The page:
8. Reporting to clients/management
A project manager is responsible for starting a project, planning and designing it, implementing the project, and subsequently monitoring, evaluating and controlling it. A custom software development project manager also “closes” a project. They have to generate certain reports to ensure the project’s status is properly conveyed to the management and team members. The reports help shareholders and managements to ascertain if the project is heading in the correct direction, and whether it shall fulfill the objectives for which it is created.
Some of the project report-types are:
- Time sheet Report – Useful for monitoring resource availability for development related tasks.
- Expense Report – Valuable throughout the project as it provides insights into work related overheads such as subscription amounts for tools and other fixed or recurring costs.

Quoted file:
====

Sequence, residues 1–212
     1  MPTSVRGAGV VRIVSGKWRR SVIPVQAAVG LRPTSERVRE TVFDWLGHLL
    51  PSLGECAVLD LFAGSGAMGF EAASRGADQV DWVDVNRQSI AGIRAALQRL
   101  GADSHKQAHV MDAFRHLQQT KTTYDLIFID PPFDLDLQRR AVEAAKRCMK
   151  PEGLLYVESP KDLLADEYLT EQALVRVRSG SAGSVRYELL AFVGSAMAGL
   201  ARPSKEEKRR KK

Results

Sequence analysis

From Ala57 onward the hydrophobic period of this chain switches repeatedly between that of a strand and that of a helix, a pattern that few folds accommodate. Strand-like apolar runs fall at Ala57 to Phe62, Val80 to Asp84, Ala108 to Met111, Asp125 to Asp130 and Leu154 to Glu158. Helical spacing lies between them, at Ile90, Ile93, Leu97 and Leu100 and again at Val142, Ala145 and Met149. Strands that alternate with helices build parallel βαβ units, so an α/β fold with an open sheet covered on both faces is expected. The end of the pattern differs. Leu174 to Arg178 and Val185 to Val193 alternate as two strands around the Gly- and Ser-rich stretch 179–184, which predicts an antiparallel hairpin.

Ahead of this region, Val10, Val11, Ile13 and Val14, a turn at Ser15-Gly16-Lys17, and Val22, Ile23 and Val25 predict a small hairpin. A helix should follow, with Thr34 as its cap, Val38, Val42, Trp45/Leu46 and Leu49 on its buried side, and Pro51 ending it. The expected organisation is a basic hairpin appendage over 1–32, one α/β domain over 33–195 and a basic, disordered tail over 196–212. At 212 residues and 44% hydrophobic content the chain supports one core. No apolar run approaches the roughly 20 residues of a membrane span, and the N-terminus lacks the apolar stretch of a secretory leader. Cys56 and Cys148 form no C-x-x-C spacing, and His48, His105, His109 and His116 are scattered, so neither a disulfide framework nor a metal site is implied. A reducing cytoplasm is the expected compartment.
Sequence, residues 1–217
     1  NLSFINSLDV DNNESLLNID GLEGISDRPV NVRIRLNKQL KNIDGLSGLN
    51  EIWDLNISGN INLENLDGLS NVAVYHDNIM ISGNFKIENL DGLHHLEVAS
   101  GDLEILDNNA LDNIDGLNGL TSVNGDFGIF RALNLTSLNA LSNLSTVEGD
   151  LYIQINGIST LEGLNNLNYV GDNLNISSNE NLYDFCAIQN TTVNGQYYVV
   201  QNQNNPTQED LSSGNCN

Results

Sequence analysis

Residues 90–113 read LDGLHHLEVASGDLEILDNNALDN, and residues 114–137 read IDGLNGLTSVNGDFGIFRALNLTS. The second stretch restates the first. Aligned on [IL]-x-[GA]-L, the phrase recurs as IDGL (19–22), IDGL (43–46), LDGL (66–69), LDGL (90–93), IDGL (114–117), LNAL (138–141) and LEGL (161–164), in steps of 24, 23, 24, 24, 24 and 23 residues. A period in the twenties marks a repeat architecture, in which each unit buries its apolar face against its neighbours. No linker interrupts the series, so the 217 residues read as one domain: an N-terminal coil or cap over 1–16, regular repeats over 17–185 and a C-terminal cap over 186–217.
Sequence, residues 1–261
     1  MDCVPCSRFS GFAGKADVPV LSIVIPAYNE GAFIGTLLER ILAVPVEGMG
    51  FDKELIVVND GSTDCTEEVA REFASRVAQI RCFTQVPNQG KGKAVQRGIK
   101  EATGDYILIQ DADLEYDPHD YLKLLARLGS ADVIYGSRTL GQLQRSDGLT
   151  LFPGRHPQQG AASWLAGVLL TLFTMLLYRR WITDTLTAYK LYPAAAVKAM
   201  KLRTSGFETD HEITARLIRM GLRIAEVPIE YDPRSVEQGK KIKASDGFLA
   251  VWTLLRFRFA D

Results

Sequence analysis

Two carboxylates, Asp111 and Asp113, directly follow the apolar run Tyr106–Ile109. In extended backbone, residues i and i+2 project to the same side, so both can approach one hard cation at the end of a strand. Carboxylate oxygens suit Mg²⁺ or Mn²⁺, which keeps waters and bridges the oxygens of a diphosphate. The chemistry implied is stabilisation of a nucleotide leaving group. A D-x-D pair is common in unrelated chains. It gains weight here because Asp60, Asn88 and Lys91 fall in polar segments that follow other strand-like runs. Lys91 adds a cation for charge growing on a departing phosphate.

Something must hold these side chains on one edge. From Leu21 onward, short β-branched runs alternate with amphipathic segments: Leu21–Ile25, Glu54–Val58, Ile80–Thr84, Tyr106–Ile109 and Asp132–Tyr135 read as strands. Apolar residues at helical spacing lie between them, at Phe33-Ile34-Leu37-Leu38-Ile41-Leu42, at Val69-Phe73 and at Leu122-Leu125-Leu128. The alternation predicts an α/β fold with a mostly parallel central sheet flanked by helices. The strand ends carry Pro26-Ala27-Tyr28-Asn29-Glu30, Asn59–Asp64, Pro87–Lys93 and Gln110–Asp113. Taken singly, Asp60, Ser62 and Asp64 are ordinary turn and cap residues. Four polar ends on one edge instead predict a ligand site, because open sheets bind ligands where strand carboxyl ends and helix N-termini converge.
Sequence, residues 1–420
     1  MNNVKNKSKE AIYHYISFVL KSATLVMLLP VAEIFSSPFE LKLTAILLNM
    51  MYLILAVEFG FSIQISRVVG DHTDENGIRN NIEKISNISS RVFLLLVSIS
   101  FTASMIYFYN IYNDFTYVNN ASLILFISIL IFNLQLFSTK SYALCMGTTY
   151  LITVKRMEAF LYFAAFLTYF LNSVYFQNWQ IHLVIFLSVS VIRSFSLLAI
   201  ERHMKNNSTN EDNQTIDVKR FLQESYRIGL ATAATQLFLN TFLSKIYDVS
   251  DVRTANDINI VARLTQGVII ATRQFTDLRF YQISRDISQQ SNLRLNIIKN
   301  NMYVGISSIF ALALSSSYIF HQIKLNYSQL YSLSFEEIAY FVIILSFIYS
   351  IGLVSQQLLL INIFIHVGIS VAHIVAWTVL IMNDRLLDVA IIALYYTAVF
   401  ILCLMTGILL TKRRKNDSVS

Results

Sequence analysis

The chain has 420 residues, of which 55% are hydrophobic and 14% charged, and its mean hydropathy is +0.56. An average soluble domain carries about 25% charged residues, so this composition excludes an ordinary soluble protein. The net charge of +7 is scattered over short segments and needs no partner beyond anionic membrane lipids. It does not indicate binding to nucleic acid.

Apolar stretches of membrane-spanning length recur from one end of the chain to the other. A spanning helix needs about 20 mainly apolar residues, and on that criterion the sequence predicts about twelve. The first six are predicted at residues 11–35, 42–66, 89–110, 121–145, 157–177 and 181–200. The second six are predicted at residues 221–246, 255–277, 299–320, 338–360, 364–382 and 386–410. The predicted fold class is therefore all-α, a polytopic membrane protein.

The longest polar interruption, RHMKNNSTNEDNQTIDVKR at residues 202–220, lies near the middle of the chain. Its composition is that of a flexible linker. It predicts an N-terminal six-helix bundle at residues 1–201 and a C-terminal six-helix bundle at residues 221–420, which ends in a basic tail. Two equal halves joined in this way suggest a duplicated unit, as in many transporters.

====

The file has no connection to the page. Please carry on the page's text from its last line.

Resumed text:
- Resource Workload Report – For scheduling resource across projects and measuring budget impacts.
- Portfolio Report – Multiple views of the project status, health and resources utilized in the project.
- Project Status Report – A report containing a project’s overall health.
- Risk Reports – Detailing the risks in a project and how they can be mitigated.
- Board/Executive Reports – Weekly status update that goes to your project team and key business stakeholders.
Custom software development project managers have to continuously monitor their projects and extract useful details that can be later compiled in various formats to generate project-centric insights for various entities such as CXO level executives, company management, stakeholders, clients etc. The monitoring process can consume a lot of time, and managers are also required to interact with various individuals to answer their reports related queries.